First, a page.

flexDirection: 'row-reverse',
backgroundColor: 'dodgerblue',
flex: 1,
marginLeft: 100,
marginRight: 20,
marginVertical: 20,
alignItems: 'center'
}}

Did you notice, that we added a marginLeft of 100 pixels for <Parent/>?

  • Yeah, but see the output in React Native V0.73 (the left one) from the above image. It shows a 100 pixels margin on the right (not on the left)!!
  • Okay, now let’s see the output of React Native V0.74 (the right one). Great, in V0.74 we see a perfect 100-pixel margin at left, and also two <Child/> components got reversed 🚀

So, in Yoga-2, if you apply a ‘row-reverse’ flex-direction with "margin" or "padding" or "border" in a component then the edges of that component also get flipped. But in Yoga-3 it has been solved perfectly 💯

Yoga-3 has brought some other important styling components that were missing in Yoga-2.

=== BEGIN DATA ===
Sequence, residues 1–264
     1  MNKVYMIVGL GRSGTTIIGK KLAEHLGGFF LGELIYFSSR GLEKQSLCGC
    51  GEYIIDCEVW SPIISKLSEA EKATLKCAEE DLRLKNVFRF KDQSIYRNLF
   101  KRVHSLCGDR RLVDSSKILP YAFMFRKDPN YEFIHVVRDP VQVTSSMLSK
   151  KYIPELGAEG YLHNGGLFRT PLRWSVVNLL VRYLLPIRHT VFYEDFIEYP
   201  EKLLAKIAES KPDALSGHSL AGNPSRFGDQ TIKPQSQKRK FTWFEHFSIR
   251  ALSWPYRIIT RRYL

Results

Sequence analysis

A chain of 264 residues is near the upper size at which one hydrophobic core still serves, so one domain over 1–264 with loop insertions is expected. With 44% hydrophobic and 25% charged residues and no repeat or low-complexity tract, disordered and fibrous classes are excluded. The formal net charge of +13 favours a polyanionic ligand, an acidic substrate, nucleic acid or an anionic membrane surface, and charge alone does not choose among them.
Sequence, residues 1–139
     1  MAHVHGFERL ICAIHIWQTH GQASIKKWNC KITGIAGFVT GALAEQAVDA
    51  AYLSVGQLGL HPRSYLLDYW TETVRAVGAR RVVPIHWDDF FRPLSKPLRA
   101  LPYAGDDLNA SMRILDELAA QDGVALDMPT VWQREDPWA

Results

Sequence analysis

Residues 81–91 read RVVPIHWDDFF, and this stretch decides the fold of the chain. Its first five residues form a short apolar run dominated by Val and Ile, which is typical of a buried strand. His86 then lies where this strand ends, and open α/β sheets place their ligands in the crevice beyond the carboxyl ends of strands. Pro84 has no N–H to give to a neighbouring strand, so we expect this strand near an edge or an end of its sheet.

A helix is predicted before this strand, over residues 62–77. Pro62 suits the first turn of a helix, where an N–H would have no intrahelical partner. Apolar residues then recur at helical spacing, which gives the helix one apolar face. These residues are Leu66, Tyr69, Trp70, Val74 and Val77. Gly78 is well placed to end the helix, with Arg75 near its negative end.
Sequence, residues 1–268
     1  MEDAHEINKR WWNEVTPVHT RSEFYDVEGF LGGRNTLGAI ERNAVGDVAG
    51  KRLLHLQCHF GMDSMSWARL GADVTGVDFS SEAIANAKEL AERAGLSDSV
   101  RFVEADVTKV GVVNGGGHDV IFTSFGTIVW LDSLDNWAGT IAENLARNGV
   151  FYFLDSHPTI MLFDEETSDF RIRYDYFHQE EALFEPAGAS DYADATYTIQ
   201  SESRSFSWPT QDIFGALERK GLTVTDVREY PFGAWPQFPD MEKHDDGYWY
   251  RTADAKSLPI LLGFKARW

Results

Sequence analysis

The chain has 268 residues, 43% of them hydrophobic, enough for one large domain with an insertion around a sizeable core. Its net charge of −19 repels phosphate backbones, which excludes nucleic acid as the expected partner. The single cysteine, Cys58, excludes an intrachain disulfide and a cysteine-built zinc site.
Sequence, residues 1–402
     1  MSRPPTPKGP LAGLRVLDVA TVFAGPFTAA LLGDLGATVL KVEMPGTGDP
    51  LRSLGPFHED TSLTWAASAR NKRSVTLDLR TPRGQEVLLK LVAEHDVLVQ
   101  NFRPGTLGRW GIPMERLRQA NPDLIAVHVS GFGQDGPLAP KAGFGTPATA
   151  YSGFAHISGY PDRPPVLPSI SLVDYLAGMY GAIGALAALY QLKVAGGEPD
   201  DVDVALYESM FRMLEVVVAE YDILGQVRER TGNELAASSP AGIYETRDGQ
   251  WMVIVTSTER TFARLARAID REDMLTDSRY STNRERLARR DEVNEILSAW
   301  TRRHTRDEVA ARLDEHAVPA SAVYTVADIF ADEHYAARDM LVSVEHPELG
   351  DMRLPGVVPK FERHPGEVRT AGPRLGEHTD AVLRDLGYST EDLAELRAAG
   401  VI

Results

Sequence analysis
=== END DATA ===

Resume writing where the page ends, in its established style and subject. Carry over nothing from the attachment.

• 'space-evenly' property for alignContent style
  • 'static' property for position style

New Architecture: Bridgeless by Default

Old Architecture

React Native previously used a bridge to communicate between JavaScript and native modules. The Native Modules are written in C++, Objective C, Java, or kotlin to access native features like cameras, sensors, etc. Unfortunately, the Bridge has some limitations.

One main limitation is that each time one layer communicates with another, it involves serializing (converting JS Object to JSON String) and deserializing (converting JSON String back to JS Object) data. Since the conversion takes time, this process adds a performance issue to the communication flow.

New Architecture — performance booster